Geopolitical concernsCambodia’s close ties with neighboring China have proven to be unnerving for American leaders, as China attempts to expand its dominance in the area. In 2010, U.S. Secretary of State Hilary Clinton visited Cambodia and warned of an overly intense dependence on China.

“I think it is smart for Cambodia to be friends with many countries… It’s like our relationship with other countries. You look for balance. You don’t want to get too dependent on any one country,” Clinton said.

U.S. concerns aside, friendly relations between China and Cambodia are evidenced by high level meetings between government officials. Last year, powerful CCP member Wu Banguo attended the signing of a contract between Cambodia’s largest mobile phone company, CamGSM, and the Bank of China in the largest financing project to ever take place in Cambodia. Wu Banguo was quoted as referring to Cambodia as a “reliable neighbor, friend and brother.”

In 2011, Zhou Yongkang, a member of the CCP’s Standing Committee Politiburo, traveled to Cambodia to talk economic and political cooperation.

Complicated relations with neighboring Thailand have proven to be dire enough to come to arms and it is worth continuing to observe how relations improve or deteriorate in the future. The conflict stems from a border dispute which has come to repeated fighting between both sides’ armies at a contested site. Furthermore, Cambodia’s appointment of Thailand’s former prime minister (who was charged with corruption-related crimes) as an economic advisor has accelerated tensions between the two countries.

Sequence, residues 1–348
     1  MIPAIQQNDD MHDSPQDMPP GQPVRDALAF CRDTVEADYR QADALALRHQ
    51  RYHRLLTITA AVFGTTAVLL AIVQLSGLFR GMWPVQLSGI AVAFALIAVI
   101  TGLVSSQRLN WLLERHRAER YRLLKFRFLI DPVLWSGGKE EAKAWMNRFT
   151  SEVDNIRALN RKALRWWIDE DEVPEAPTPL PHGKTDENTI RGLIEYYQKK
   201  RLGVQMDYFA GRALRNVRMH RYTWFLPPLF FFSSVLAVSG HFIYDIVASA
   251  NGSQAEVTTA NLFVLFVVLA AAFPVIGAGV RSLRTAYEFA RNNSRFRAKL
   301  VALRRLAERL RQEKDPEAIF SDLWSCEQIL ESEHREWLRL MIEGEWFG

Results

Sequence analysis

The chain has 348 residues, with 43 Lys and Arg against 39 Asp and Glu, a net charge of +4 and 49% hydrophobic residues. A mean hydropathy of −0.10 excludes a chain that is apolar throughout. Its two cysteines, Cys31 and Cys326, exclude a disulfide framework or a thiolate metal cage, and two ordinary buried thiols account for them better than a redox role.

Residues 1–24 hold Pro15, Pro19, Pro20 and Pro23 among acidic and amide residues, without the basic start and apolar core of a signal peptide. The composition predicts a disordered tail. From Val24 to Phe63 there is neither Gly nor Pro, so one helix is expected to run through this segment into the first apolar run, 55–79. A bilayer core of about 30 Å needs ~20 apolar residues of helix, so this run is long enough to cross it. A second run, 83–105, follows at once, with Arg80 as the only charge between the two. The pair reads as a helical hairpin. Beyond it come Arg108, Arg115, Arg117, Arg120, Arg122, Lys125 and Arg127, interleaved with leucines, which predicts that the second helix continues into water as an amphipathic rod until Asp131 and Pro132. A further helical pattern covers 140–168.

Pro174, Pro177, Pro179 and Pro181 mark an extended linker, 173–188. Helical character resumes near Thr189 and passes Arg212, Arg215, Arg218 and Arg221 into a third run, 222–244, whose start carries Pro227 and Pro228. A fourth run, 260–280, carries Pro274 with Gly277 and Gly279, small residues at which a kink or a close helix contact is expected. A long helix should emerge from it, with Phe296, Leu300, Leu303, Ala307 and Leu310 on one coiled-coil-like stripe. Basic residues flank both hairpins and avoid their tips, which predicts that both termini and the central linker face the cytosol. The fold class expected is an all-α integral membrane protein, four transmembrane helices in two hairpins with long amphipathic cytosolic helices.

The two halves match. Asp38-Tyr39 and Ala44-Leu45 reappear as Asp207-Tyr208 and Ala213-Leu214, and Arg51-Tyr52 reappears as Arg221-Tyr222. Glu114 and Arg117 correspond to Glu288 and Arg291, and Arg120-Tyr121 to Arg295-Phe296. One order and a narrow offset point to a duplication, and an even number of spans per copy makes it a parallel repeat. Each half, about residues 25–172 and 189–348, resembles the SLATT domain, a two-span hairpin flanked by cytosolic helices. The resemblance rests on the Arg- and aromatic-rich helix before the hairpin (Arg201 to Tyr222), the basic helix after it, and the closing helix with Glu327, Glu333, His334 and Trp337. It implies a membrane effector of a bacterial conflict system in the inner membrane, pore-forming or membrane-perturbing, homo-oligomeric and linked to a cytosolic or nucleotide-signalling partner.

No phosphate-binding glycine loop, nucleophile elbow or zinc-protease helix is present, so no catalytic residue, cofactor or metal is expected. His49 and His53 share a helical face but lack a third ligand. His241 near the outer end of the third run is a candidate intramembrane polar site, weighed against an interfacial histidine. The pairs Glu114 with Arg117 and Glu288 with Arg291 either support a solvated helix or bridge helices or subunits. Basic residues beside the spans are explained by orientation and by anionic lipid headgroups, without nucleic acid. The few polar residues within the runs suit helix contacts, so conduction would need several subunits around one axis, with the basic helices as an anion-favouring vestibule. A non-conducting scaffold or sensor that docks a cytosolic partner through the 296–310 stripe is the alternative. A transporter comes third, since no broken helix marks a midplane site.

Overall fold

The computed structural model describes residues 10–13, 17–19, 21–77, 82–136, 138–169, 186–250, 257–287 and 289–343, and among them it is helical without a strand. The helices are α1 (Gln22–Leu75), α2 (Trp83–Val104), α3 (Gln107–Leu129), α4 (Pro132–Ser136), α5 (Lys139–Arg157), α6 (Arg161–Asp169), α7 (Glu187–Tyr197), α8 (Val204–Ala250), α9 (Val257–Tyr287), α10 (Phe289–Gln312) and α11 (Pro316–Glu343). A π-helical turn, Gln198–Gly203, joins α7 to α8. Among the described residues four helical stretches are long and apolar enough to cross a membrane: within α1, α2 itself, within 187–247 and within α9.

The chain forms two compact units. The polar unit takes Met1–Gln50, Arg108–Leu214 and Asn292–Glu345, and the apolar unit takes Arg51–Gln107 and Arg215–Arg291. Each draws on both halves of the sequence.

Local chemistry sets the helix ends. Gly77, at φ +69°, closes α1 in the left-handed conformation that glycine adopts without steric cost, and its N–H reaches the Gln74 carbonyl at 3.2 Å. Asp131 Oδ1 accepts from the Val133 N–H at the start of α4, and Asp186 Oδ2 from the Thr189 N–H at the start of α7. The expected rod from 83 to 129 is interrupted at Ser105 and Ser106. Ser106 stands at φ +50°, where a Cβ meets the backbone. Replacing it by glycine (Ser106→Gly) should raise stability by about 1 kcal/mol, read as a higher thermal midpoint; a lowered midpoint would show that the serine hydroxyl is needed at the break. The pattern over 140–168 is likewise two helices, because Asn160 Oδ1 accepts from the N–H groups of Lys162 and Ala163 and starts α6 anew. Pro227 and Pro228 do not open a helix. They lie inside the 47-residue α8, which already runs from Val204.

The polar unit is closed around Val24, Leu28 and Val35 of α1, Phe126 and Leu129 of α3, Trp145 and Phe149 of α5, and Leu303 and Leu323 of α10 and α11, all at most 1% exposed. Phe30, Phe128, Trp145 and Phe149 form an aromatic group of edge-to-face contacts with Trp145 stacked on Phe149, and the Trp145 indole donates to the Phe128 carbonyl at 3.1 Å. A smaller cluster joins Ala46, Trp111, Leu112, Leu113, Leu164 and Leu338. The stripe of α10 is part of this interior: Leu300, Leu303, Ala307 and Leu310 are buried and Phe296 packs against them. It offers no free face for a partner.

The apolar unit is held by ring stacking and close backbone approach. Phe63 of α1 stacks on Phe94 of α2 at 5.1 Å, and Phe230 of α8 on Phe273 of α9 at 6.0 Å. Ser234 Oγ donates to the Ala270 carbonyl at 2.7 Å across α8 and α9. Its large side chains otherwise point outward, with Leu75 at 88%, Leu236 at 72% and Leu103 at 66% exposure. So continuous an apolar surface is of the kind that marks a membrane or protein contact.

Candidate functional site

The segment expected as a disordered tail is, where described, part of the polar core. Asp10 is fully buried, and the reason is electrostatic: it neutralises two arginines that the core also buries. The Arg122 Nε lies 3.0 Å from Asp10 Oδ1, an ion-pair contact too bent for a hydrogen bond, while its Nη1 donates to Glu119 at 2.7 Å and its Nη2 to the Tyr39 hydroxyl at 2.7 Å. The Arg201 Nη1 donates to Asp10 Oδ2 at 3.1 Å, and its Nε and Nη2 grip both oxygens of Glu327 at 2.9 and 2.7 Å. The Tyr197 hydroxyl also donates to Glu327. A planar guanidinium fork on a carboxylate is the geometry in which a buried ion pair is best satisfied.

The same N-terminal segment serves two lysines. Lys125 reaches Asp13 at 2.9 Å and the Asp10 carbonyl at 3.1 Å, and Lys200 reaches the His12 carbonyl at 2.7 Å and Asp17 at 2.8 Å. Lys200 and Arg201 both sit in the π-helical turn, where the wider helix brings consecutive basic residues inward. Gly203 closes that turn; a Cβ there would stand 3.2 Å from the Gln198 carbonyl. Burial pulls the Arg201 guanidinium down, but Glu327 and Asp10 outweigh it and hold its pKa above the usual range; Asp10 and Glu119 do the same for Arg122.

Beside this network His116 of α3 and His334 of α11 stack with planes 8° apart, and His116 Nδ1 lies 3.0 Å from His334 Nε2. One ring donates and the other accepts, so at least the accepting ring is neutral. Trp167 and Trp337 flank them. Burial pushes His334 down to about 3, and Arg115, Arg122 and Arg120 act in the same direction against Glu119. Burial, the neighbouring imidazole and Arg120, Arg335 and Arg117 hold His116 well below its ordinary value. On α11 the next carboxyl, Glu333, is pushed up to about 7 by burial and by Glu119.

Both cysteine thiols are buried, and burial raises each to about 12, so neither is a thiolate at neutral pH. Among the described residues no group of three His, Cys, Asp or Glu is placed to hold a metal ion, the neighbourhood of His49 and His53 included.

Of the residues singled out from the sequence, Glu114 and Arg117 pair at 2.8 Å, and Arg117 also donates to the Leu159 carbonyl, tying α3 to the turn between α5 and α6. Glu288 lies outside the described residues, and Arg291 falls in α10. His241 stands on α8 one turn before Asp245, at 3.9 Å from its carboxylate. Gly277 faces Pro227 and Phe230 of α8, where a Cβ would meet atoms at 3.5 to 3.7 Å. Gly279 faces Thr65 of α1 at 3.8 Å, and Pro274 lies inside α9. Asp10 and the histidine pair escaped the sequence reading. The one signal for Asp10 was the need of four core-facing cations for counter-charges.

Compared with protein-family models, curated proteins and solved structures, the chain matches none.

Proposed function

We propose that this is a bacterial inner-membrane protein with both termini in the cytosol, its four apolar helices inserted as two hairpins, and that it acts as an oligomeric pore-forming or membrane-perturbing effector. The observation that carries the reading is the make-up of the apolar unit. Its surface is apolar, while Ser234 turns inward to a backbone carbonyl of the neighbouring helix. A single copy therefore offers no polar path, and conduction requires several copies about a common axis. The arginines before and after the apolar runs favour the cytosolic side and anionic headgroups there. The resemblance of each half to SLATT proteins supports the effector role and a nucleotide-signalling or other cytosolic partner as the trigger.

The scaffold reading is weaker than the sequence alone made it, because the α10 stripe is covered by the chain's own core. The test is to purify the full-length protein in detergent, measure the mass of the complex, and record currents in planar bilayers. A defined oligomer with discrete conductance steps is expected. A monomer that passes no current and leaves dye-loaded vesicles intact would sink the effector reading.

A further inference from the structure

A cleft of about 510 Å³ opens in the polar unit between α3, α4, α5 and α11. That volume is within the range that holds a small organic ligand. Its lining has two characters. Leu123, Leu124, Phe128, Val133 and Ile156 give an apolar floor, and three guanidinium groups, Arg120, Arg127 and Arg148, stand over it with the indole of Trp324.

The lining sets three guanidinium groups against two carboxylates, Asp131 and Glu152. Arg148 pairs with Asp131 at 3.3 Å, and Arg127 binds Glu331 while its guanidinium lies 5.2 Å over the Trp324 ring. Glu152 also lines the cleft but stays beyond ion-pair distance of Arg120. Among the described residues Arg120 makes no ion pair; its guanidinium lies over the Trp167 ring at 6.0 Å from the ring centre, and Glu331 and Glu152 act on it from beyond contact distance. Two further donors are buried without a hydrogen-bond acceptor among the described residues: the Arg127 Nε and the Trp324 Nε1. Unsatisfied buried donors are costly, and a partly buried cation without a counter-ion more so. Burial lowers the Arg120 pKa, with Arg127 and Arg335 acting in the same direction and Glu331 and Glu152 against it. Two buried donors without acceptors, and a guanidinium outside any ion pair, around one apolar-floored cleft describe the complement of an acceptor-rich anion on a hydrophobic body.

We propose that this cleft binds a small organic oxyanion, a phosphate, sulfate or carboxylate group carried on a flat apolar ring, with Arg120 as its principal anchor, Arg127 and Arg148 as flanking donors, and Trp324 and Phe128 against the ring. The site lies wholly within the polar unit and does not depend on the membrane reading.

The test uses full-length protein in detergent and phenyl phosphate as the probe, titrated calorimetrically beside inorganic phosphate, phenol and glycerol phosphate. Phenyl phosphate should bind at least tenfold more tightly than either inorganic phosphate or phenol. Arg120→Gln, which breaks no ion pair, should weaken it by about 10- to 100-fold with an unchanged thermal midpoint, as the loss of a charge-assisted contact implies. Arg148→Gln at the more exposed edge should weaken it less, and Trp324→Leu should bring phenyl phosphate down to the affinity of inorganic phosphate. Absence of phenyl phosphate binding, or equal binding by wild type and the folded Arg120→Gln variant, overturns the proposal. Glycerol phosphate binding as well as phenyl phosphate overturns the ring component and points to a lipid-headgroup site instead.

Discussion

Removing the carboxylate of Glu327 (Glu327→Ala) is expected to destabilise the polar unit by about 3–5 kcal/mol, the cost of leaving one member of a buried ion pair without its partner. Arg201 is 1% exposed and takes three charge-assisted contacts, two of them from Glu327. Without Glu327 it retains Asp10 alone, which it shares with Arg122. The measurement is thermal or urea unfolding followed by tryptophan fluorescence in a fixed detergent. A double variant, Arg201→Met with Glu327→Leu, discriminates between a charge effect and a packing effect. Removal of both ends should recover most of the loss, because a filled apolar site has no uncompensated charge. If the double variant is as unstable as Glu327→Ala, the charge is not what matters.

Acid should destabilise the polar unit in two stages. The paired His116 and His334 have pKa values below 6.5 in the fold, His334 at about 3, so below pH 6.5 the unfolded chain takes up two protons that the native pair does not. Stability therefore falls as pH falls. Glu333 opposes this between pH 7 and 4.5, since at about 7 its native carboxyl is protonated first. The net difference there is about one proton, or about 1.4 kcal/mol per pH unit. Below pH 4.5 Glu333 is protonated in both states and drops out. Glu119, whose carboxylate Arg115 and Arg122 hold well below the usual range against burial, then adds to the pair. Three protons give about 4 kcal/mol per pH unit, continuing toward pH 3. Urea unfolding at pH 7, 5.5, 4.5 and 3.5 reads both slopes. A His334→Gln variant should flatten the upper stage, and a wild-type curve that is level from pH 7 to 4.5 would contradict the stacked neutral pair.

Future outlook“In the next 20 years, I expect Cambodia will be one of the world’s best performers in terms of improved income and living standards, better infrastructure and a lifestyle on par with middle income countries,” Cambodia’s Prime Minister Hun Sen has said in an optimistic forecast.

At the 4th Cambodia Economic Forum held in February of this year, Prime Minister Hun Sen highlighted key areas the government hoped would expedite the modernization of Cambodia’s economy. The government’s strategies focused on figuring out ways to diversify the economy, reforming the nation’s SEZs, increasing investment in human capital, establishing the state’s place in industrial development and establishing the industrial sector’s position in the local and global economy.